Here is a toy example of implementing Newton’s method in R. I found some old code that I had written a few years ago when illustrating the difference between convergence properties of various root-finding algorithms, and this example shows a couple of nice features of R.

Newtons method is an iterative root-finding algorithm where we start with an initial guess \(x_0\) and each successive guess is refined using the iterative process:

$$ x_{n+1} = x_n – \frac{f(x_n)}{f'(x_n)} $$

Here is a simple implementation of this in R:

[source lang=”R”]

newton <- function(f, tol=1E-12,x0=1,N=20) {

h <- 0.001

i <- 1; x1 <- x0

p <- numeric(N)

while (i<=N) {

df.dx <- (f(x0+h)-f(x0))/h

x1 <- (x0 – (f(x0)/df.dx))

p[i] <- x1

i <- i + 1

if (abs(x1-x0) < tol) break

x0 <- x1

}

return(p[1:(i-1)])

}

[/source]

Note a couple of things:

* The step-size for numerical differentiation is hardcoded to be 0.001. This is arbitrary and should probably be a parameter.

* The algorithm will run until either the number of steps N has been reached, or the error tolerance \(\left|x_{n+1}-x_n\right|< \epsilon\), where \(\epsilon\) is defined as the tolerance parameter tol.
* The function returns a vector of the iterated x positions, which will be <= N.
Here is a simple example: for instance, to find the zeros of the function
$$ f(x) = x^3 + 4x^2 - 10 $$
which in R we can represent as:
[source lang="R"]f <- function(x) { x^3 + 4*x^2 -10 }[/source]
Let's plot the function over the range [1,2]:

[source lang=”R”]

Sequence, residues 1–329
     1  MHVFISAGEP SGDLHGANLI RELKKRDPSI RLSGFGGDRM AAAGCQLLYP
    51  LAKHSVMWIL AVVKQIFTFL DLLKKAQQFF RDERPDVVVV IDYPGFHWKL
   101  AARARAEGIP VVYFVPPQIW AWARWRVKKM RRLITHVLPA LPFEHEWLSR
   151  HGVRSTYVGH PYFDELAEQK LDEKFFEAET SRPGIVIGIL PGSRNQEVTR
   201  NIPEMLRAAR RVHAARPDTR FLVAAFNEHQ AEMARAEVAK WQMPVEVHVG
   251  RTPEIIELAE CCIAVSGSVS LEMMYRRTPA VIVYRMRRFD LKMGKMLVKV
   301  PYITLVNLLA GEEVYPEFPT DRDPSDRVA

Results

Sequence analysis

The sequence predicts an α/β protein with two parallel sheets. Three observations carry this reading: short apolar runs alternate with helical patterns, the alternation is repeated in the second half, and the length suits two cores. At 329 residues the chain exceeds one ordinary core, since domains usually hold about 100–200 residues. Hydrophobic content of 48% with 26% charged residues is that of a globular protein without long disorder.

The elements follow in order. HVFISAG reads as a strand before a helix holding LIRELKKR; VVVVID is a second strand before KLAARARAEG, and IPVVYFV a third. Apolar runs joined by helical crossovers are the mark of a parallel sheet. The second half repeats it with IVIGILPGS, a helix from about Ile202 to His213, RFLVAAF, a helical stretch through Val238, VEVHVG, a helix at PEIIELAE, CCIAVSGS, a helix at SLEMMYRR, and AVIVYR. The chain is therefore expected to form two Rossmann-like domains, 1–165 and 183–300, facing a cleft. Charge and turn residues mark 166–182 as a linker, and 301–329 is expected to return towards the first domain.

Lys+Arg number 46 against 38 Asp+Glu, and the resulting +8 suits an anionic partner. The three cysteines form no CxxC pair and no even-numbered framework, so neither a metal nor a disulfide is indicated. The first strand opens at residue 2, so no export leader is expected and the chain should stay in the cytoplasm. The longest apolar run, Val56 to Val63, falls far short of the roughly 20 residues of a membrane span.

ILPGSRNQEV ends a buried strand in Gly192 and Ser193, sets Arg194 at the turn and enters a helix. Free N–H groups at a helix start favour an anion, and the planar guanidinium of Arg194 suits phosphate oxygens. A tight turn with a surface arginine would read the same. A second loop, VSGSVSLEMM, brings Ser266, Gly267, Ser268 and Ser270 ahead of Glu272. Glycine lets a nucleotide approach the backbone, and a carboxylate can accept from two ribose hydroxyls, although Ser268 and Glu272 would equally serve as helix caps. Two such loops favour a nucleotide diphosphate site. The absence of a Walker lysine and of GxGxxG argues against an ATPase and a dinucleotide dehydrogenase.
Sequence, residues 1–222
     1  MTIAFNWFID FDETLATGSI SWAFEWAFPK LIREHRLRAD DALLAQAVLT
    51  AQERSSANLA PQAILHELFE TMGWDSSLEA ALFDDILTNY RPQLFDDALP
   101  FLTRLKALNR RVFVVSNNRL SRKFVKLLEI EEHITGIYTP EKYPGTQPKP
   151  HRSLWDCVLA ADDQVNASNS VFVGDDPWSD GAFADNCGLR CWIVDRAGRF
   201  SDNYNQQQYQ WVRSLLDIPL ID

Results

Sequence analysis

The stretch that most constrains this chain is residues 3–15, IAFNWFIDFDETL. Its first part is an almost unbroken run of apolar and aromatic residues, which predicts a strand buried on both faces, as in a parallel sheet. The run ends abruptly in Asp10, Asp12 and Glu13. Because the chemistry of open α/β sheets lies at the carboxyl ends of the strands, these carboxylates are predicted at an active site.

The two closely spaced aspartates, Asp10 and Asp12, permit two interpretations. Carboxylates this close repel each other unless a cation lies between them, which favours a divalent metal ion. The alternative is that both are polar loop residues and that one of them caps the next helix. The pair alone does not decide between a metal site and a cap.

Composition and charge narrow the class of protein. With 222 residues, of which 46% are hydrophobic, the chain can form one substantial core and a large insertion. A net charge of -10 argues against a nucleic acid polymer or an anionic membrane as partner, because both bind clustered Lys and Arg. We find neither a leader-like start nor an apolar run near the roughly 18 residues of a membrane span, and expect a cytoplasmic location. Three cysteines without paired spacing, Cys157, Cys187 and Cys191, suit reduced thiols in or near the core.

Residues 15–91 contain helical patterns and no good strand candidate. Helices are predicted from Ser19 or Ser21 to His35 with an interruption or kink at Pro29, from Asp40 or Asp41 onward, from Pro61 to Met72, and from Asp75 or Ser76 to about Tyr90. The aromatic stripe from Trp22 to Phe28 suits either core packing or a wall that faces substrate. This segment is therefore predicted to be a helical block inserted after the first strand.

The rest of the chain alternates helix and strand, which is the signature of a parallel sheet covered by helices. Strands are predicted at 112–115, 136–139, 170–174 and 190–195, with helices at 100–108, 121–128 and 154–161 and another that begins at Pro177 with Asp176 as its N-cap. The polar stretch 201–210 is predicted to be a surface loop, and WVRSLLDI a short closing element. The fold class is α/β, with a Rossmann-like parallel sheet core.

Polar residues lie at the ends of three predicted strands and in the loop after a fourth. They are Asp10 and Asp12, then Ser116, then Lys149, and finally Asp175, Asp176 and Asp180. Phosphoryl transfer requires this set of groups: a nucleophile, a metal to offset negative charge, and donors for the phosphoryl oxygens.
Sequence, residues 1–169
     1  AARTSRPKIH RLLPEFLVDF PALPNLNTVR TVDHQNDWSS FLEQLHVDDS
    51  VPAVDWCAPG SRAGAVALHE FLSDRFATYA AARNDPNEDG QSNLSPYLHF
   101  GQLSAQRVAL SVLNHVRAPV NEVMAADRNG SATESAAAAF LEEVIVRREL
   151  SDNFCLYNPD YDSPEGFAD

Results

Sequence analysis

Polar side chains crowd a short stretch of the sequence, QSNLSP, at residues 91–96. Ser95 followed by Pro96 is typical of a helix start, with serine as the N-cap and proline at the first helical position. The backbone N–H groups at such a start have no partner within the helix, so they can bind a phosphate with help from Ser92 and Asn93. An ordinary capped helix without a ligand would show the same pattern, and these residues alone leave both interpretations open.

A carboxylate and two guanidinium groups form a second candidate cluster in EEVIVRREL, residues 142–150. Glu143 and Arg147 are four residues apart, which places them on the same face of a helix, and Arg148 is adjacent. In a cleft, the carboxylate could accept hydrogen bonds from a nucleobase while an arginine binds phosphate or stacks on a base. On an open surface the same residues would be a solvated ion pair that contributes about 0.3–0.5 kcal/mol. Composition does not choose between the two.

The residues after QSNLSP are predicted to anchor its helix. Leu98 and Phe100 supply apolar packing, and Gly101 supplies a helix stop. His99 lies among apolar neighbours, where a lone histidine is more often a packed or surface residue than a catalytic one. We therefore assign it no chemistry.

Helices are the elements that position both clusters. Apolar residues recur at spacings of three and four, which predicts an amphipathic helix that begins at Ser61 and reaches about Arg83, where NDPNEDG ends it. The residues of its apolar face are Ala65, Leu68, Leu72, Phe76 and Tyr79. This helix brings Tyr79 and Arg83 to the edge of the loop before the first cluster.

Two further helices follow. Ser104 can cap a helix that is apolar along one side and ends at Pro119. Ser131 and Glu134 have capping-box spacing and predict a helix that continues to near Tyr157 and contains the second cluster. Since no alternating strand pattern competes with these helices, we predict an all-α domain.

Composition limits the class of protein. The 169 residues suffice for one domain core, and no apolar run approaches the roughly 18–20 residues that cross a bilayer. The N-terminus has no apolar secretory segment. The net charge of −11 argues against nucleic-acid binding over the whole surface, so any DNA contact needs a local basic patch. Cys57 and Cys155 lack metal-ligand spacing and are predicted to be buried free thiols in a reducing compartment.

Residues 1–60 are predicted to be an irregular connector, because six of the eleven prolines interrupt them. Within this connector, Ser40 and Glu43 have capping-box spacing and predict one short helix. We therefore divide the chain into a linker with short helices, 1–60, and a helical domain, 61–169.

plot(x,f(x), type=’l’, lwd=1.5, main=expression(sin(x/2) * cos(x/4)))

abline(h=0)

[/source]

It seems obvious from the plot that the zero of f(x) in the range [1,2] is somewhere between x=1.3 and x=1.4.

This is made even more clear if we tabulate the x,y values over this range:

[source lang=”R”]

> xy <- cbind(x,f(x))

> xy

x

[1,] 1.0 -5.000

[2,] 1.1 -3.829

[3,] 1.2 -2.512

[4,] 1.3 -1.043

[5,] 1.4 0.584

[6,] 1.5 2.375

[7,] 1.6 4.336

[8,] 1.7 6.473

[9,] 1.8 8.792

[10,] 1.9 11.299

[11,] 2.0 14.000

[/source]

Using the function defined earlier, we can run the root-finding algorithm:

[source lang=”R”]

> p <- newton(f, x0=1, N=10)

> p

[1] 1.454256 1.368917 1.365238 1.365230 1.365230 1.365230 1.365230

[/source]

This returns 1.365230 as the root of f(x). Plotting the last value in the iteration:

[source lang=”R”]

> abline(v=p[length(p)])

[/source]

In the iteration loop, we use a schoolbook-style numerical derivative:

$$ \frac{dy}{dx} = \frac{f(x+\epsilon)-f(x)}{\epsilon} $$

Its also worth noting that R has some support for symbolic derivatives, so we could use a symbolic function expression. A simple example of symbolic differentiation in R (note that R works with expression instances when using symbolic differentiation):

[source lang=”R”]

> e <- expression(sin(x/2)*cos(x/4))

> dydx <- D(e, "x")

> dydx

cos(x/2) * (1/2) * cos(x/4) – sin(x/2) * (sin(x/4) * (1/4))

[/source]

In order for this to be useful, obviously we need to be able to evaluate the calculated derivative. We can do this using eval:

[source lang=”R”]

> z <- seq(-1,1,.1)

> eval(dydx, list(x=z))

[1] 0.3954974 0.4146144 0.4320092 0.4475873 0.4612640 0.4729651 0.4826267

[8] 0.4901964 0.4956329 0.4989067 0.5000000 0.4989067 0.4956329 0.4901964

[15] 0.4826267 0.4729651 0.4612640 0.4475873 0.4320092 0.4146144 0.3954974

[/source]

Note that we can bind the x parameter in the expression when calling `eval()`

.